In the instant case, the evidence shows that defendant obtained the keys to the Oldsmobile and attempted to drive the car out of the used car lot. He was prevented from doing so by the security cable in front of the lot. The cable caught between the grill and bumper of the car and stopped the forward progress of the car. The cable did not break, and the car never left the lot.
The evidence shows that defendant did not assert exclusive control or obtain physical dominion over the Oldsmobile. Defendant drove the car a few feet but his control of the car was incomplete. Defendant did not drive the car out of the lot; he could not break the cable through which Mr. Burba asserted control over the car.
In our opinion, defendant did not take or carry away the Oldsmobile. Nor did he sell, convey, or transfer the title to, interest in, or possession of the Oldsmobile. We also believe that defendant did not, in any other way, obtain or exert control over the car. He did not deprive Mr. Burba of control over and possession of the car. The proof failed to show that defendant stole the vehicle. (See People v. Mullinex (1984), 125 Ill. App. 3d 87, 91, 465 N.E.2d 135 (defendant did not assert actual control over the vehicle and could not be found guilty of theft where he was apprehended before he could remove the ignition mechanism and activate the vehicle).) Thus, defendant could not be found guilty of possession of a stolen vehicle.
Our holding is in accord with the common law requirement that there must be a taking or caption of property before a defendant can be convicted of larceny or theft. At common law, where the defendant took property and walked away with it, but was frustrated in his design because it was attached by a chain or cord to some object or building, and the chain or cord was not severed, there was no larceny because there was no caption. (3 C. Torcia, Wharton's Criminal Law § 381 (14th ed. 1980).) In People v. Lardner (1921), 300 Ill. 264, 267-68, 133 N.E. 375, our supreme court described the amount of control that a thief must exercise over property to be convicted of larceny:
"Where a thief, being discovered in the very act of taking, immediately abandons or returns the thing he has nevertheless committed larceny. Taking goods and putting them into a place for convenient removal is the taking of property, and if one takes the goods of another out of the place where they are put, although he is detected before they are actually carried from the owner's premises, the crime is complete, as in case of the removal of an article from one place to another in the same house. (State v. Wilson, 1 N. J. L. 439.) Any change of location whereby complete control of the article is transferred from the true owner to the thief is sufficient evidence of the taking away. (Lundy v. State, 60 Ga. 143.) Where a thief put his hand in the pocket of another and lifted a pocketbook, although he was prevented by the owner from removing it from the pocket, it was held to be a taking. (Harrison v. People, 50 N.Y. 518.) The removal of goods from one place to another in a railway car constitutes a taking away. (State v. Rozeboom, 145 Iowa, 620.) The removal of goods from their accustomed place to another place in the same store is carrying away. (State v. Higgins, 88 Mo. 354.) If an article is secured by a string or chain which is not broken there is no taking which will constitute larceny. So taking a coat from a dummy figure in a store, which was not carried away because it was attached to the dummy by a chain and the dummy attached to the building, did not constitute larceny. (People v. Meyer, 75 Cal. 383.) Attempting to remove brass journals from a railroad car but not actually succeeding in doing so did not constitute larceny. State v. Knolle, 90 Mo. App. 238."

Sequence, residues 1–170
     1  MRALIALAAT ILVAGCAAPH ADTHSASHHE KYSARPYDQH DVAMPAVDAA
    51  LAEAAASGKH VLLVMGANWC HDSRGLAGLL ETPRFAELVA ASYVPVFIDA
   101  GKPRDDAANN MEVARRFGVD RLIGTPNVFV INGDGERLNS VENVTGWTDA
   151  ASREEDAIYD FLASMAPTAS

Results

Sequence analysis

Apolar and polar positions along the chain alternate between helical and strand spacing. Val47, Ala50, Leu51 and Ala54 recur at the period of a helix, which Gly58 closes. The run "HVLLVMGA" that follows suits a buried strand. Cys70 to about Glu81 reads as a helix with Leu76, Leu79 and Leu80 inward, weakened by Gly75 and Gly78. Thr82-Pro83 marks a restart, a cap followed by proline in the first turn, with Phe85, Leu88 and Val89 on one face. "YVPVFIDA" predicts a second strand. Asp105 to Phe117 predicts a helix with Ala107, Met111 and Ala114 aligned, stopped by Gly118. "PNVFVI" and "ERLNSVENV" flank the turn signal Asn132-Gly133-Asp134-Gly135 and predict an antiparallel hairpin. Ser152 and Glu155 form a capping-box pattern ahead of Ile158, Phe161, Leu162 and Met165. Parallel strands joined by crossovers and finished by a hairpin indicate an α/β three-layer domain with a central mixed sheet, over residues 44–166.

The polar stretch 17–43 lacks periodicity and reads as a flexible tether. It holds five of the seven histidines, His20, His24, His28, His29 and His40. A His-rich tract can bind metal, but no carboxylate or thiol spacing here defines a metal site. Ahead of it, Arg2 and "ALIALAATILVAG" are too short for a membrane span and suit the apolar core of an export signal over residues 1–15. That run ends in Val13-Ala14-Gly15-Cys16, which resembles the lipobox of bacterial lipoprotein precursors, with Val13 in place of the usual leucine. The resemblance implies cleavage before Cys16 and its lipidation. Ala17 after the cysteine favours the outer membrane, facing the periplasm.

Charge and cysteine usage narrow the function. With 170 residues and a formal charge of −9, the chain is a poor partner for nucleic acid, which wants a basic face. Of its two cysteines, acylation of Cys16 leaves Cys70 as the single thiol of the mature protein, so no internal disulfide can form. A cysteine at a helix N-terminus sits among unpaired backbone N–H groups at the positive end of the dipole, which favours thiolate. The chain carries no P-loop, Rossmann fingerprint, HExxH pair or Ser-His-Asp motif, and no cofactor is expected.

See also People v. Baker (1937), 365 Ill. 328, 6 N.E.2d 665 (an essential element of larceny is a felonious taking by which the owner is deprived of possession and the thief acquires possession for an appreciable period of time, though such period may be but for a moment); Blakeney v. State (1943), 244 Ala. 262, 13 So. 2d 430 (to constitute larceny, there must be a severance of the possession of the owner and an actual possession by the wrongdoer); Senter v. State (Tex. Crim. App. 1967), 411 S.W.2d 742 (to constitute a taking, the property must be brought under the dominion and control of the defendant with the power to take it into his manual possession; if the property is attached to the owner or to something else the taking is not complete if the attempt to take the property is interrupted before it is severed or detached); Clark v. State (Tex. Crim. App. 1910), 128 S.W. 131 (in order to constitute theft the thief must have complete control of the thing sought to be stolen); Herr v. State (Tex. Crim. App. 1907), 105 S.W. 190 (things attached to a person must be severed therefrom before possession becomes absolute in the taker).
The offense of theft is now governed by statutory provisions. However, we believe that the common law requirement of caption is embodied in the statutory requirement that, to be convicted of theft, a defendant must "obtain or exert unauthorized control" over the property of another. (2 W. La Fave & A. Scott, Substantive Criminal Law § 8.3 n.2 (1986).) The defendant must be shown to have asserted actual control or physical dominion over the property. In the instant case, defendant's control over the Oldsmobile was imperfect. Defendant did not sever Mr. Burba's control over the car and did not obtain exclusive control and possession of the car. Defendant did not effectuate a caption of the car and could not be found guilty of either theft or possession of a stolen vehicle.
Since we have determined that the proof failed to show that defendant was guilty beyond a reasonable doubt, we must reverse defendant's conviction and sentence. Accordingly, we need not consider the other contentions raised by defendant on appeal.
The judgment of the circuit court of Cook County is reversed.